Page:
The code sets out the procedure for dealing with complaints. Mr Doyle was asked if he wished to put forward any further evidence; he said that there was none. It was decided after careful consideration by the panel that, if proven, the complaint would be within the scope of the code and should proceed to a full investigation.

A letter was written to Conseiller Guille on 11th January telling him of that decision reminding him of his rights under the procedures. It stated that it was not a finding on merit and it would only be after a full investigation of all of the evidence that a finding could be made. He was asked to put forward a written response and any other evidence that he wished the panel to consider. The code requires in 4(j):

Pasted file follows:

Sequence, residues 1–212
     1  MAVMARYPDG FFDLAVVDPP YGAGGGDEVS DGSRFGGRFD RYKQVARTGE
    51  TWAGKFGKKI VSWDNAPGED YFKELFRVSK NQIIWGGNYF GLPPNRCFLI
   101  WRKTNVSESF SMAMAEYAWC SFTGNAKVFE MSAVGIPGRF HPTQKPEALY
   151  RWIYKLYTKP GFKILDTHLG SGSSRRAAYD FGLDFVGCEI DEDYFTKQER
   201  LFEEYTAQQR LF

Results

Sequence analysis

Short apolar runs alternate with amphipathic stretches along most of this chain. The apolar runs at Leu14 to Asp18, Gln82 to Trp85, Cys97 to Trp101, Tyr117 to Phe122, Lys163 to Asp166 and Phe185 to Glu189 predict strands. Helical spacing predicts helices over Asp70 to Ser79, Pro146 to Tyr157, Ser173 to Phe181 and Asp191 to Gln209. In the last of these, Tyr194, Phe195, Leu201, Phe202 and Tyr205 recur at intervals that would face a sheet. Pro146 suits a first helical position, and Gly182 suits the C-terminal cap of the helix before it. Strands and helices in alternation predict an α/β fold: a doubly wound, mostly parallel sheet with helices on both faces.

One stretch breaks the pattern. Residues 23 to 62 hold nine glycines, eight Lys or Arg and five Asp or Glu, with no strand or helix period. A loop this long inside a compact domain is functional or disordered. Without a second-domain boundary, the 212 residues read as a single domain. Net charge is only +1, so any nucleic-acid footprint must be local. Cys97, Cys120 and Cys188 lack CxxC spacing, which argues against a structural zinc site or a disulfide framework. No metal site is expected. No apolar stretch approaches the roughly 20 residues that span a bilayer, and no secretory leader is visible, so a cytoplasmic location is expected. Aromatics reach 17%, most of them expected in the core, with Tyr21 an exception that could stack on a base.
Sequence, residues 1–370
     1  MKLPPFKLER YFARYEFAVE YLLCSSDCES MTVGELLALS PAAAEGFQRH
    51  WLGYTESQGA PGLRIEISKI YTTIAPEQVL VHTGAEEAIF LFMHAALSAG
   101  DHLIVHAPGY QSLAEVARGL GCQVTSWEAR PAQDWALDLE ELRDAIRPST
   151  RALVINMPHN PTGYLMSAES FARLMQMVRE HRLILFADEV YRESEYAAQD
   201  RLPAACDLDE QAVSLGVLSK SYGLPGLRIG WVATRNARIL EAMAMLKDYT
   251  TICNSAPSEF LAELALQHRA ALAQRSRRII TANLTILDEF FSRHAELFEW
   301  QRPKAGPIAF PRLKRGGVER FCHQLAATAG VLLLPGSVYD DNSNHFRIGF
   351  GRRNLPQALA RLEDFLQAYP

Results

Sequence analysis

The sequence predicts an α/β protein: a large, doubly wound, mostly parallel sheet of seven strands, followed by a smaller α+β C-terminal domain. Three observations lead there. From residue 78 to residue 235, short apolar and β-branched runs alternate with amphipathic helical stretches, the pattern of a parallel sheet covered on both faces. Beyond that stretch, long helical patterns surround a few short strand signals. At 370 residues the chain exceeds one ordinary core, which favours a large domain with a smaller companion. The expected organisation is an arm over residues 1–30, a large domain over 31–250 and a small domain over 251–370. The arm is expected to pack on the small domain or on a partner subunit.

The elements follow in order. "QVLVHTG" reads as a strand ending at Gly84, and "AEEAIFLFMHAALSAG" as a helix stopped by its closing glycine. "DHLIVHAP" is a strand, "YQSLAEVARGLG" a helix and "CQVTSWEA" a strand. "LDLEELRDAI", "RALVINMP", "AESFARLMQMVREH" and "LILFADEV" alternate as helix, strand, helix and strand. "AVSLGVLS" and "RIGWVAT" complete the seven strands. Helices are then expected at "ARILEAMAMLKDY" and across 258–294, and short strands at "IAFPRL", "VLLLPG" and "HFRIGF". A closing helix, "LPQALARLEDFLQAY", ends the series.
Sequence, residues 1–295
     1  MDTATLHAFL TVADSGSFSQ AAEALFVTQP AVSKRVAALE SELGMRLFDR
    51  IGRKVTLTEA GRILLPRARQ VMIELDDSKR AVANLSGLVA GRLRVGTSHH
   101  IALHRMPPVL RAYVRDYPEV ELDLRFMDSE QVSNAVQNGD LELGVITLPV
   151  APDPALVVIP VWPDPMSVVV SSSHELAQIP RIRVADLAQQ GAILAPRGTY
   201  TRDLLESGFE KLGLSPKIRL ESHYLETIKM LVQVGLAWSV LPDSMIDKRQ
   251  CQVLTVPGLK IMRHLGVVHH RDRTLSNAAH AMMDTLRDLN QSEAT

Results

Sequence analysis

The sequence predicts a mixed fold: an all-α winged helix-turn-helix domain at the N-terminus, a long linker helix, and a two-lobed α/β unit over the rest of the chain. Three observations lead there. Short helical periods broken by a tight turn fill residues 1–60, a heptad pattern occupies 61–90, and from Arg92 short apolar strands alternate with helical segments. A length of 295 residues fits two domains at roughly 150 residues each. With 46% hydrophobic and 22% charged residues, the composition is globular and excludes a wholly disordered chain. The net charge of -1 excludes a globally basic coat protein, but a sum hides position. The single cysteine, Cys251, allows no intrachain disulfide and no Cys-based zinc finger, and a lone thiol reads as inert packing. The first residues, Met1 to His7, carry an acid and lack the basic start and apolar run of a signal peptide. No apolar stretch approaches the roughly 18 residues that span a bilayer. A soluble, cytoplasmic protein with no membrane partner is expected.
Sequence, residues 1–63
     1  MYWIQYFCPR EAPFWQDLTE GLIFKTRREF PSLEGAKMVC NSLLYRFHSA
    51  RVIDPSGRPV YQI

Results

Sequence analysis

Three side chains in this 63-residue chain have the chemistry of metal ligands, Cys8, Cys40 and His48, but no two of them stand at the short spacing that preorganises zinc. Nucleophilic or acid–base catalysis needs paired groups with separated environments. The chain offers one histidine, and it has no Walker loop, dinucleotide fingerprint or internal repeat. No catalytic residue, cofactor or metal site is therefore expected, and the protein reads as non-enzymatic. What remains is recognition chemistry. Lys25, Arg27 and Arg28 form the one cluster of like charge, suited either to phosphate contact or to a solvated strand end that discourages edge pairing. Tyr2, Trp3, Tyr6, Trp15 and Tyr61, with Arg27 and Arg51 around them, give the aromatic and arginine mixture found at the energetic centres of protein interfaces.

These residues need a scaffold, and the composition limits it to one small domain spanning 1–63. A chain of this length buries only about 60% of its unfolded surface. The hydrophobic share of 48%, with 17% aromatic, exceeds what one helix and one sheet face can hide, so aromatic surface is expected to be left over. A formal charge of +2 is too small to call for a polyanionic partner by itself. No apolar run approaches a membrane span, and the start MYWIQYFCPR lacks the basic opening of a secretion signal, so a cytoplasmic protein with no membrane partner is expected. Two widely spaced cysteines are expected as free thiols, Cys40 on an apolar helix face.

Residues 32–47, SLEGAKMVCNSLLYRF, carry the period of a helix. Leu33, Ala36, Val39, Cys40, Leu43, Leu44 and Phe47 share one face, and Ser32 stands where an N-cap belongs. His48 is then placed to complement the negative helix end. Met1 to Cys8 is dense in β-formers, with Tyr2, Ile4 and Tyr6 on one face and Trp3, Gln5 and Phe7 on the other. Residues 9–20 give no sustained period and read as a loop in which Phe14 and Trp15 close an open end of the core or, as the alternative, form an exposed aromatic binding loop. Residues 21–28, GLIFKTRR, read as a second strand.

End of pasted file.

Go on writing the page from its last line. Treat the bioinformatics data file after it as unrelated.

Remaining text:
‘All Conseillers shall fully co-operate with the panel and any investigation group. Failure to co-operate will be deemed a breach of the code.’

It is clear that Conseiller Guille was either unaware of, or chose to disregard, this legal requirement. Unfortunately, for whatever reasoning, he did not co-operate, and he did not put any evidence before us, or make any submissions on the evidence of Mr Doyle or the law.

Instead Conseiller Guille tendered his resignation to Chief Pleas at its meeting on 18th January. He said:

“Mr Speaker, you may stand down your Code of Conduct panel as you will have my letter of resignation as a Conseiller of Chief Pleas at the end of this meeting, to be effective immediately.”

The Speaker responded in these words: